What you need to know
- Epic v. Apple had a hearing today about Epic's request for a preliminary injunction.
- Judge Yvonne Gonzalez Rogers seems unlikely to grant such a request.
- The judge recommended that the case goes to trial by jury, with a potential July 2021 court date.
Reported by MacRumors, Epic seems unlikely to win its request for a preliminary injunction in its lawsuit against Apple. Today, Judge Yvonne Gonzalez Rogers, who is overseeing the case, declined to order Apple to permit Fortnite back into the App Store without complying to the rules currently set forth by the company.
When Epic attempted to argue against Apple's 30% App Store fee, Judge Rogers pointed out that every other platform, including Google Play, Xbox, and Playstation, charge the same rate.
Epic Game continued to argue that Apple has an App Store monopoly and charges excessive fees, but the judge pointed out that the 30 percent rate that Apple collects is the "industry rate" collected by PlayStation, Xbox, Nintendo, Amazon, Walmart, Best Buy, Google, and more. "It's all 30 percent and you just want to gloss over it," the judge said to Epic's lawyers. In response, Epic claimed that consoles are "different" because the hardware is sold at a loss, but the judge was unconvinced. "There doesn't seem to be evidence supporting what you're saying," she said.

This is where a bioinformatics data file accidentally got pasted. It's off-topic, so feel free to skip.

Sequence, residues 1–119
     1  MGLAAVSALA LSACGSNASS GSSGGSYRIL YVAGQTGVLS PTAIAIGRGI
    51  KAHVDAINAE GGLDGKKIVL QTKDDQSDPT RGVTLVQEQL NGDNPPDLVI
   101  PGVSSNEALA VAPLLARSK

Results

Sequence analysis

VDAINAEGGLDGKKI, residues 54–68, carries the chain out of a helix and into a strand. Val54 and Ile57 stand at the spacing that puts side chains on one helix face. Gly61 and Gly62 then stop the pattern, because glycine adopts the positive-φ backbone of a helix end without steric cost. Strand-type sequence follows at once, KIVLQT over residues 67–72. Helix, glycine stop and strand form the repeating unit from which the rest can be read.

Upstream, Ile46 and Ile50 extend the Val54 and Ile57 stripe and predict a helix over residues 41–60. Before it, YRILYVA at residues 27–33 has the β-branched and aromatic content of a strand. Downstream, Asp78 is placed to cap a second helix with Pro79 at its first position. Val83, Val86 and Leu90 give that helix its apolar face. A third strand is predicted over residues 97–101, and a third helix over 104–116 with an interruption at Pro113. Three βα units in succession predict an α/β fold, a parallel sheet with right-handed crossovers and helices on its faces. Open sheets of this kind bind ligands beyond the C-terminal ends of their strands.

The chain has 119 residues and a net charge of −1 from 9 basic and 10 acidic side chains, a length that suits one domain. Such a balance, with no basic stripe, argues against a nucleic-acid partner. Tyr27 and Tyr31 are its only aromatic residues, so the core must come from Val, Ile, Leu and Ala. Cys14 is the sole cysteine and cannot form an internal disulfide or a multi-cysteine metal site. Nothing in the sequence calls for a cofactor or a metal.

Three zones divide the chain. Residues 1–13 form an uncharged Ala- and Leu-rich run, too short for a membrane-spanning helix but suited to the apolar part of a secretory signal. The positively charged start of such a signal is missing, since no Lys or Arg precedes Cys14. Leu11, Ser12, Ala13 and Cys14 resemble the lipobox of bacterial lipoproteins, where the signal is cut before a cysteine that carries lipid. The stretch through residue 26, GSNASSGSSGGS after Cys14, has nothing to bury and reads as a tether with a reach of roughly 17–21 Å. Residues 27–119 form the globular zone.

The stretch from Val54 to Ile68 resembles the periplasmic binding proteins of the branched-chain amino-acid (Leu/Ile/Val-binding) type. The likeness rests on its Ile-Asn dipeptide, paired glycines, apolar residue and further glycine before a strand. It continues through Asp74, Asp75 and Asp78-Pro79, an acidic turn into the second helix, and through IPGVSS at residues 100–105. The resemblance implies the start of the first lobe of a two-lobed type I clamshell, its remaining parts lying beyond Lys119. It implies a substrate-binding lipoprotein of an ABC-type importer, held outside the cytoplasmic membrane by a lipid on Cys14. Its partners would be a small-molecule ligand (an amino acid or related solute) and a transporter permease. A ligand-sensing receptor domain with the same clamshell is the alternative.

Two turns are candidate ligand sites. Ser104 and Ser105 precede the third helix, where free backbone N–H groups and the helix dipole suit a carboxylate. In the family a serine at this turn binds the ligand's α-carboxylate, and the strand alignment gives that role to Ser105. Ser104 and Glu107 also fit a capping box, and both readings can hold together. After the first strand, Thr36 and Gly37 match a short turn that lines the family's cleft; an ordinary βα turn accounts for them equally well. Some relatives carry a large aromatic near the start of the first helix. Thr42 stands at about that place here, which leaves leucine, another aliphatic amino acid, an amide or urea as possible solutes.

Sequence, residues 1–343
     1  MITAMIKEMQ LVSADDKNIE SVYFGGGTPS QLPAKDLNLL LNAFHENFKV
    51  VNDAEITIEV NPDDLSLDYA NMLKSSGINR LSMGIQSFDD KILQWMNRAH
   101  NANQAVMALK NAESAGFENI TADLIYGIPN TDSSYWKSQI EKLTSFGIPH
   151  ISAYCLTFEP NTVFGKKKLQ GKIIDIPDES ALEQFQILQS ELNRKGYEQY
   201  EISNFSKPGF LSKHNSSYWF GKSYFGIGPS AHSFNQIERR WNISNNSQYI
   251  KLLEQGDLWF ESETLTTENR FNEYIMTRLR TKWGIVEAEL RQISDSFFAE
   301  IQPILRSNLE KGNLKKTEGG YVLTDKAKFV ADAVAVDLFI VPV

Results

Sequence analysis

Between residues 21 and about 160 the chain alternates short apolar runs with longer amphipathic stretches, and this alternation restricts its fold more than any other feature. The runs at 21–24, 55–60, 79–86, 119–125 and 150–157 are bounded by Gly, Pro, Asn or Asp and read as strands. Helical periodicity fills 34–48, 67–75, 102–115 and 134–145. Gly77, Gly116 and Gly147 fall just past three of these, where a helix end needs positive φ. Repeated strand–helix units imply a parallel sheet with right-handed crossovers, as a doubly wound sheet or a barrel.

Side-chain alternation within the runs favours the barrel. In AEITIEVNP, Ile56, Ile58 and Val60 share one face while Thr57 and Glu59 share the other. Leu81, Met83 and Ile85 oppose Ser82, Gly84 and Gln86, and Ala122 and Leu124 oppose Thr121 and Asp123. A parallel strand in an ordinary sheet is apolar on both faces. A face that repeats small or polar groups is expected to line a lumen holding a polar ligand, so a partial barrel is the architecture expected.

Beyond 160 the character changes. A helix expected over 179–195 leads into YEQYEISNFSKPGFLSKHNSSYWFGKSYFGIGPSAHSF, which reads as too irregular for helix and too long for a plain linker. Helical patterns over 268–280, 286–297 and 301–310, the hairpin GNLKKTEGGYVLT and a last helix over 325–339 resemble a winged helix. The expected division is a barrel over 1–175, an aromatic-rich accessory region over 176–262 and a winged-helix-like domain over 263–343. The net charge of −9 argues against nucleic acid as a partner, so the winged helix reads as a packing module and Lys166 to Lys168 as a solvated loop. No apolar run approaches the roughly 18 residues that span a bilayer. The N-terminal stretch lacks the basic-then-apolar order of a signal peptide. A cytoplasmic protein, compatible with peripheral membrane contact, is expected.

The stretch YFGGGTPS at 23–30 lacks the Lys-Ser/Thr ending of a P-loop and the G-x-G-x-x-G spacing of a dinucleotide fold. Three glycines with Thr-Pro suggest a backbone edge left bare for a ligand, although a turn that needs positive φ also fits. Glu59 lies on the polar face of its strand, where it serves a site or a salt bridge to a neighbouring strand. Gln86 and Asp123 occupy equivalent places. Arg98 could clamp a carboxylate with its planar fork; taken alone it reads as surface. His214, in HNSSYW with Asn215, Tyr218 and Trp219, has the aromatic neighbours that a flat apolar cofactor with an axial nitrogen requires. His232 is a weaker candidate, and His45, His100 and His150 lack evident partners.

Apple, in response to Epic's desire to build its own store within Apple's App Store, says that the company does not permit this in order to protect the "safety, security, and privacy of its users."
Epic said that it wants to create its own store to distribute apps on iOS, but Apple's anticompetitive behavior prohibits it. In response, Apple's lawyers said the request was an indictment of Apple's "entire business model" focused on the "safety, security, and privacy of its users."
Judge Rogers, concerning Epic's request for an injunction that would allow Fortnite back into the App Store, says that the court does not provide injunctions for contractual disputes, which she believes Epic's case against Apple to be.
She also reiterated that Epic Games made a "calculated decision" to defy Apple's App Store rules, and the court doesn't provide injunctions for contractual disputes. Epic was "not forthright," she said. "There are people in the public who consider you guys heroes for what you did, but it's not honest."
In closing, Judge Rogers recommended that the case should go to trial by jury. If it does, the case is expected to be heard by July of 2021. If you want a play-by-play of today's hearing, check out Patrick McGee, a correspondent from the Financial Times, who posted a detailed thread on Twitter:
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